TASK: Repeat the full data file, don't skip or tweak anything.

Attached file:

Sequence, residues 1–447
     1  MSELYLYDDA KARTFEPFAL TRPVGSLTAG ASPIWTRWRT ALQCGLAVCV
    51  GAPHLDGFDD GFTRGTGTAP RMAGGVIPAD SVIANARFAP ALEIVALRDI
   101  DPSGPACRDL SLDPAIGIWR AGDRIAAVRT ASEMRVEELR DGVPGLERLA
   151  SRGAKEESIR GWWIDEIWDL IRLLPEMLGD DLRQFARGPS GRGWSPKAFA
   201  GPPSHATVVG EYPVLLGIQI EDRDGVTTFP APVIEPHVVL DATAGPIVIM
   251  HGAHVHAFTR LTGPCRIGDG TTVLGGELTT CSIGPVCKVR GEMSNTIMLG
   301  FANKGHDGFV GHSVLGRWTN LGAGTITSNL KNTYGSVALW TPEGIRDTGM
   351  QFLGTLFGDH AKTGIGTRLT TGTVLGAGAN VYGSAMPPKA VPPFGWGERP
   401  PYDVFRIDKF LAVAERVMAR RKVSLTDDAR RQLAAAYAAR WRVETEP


Sequence, residues 1–447
     1  MSELYLYDDA KARTFEPFAL TRPVGSLTAG ASPIWTRWRT ALQCGLAVCV
    51  GAPHLDGFDD GFTRGTGTAP RMAGGVIPAD SVIANARFAP ALEIVALRDI
   101  DPSGPACRDL SLDPAIGIWR AGDRIAAVRT ASEMRVEELR DGVPGLERLA
   151  SRGAKEESIR GWWIDEIWDL IRLLPEMLGD DLRQFARGPS GRGWSPKAFA
   201  GPPSHATVVG EYPVLLGIQI EDRDGVTTFP APVIEPHVVL DATAGPIVIM
   251  HGAHVHAFTR LTGPCRIGDG TTVLGGELTT CSIGPVCKVR GEMSNTIMLG
   301  FANKGHDGFV GHSVLGRWTN LGAGTITSNL KNTYGSVALW TPEGIRDTGM
   351  QFLGTLFGDH AKTGIGTRLT TGTVLGAGAN VYGSAMPPKA VPPFGWGERP
   401  PYDVFRIDKF LAVAERVMAR RKVSLTDDAR RQLAAAYAAR WRVETEP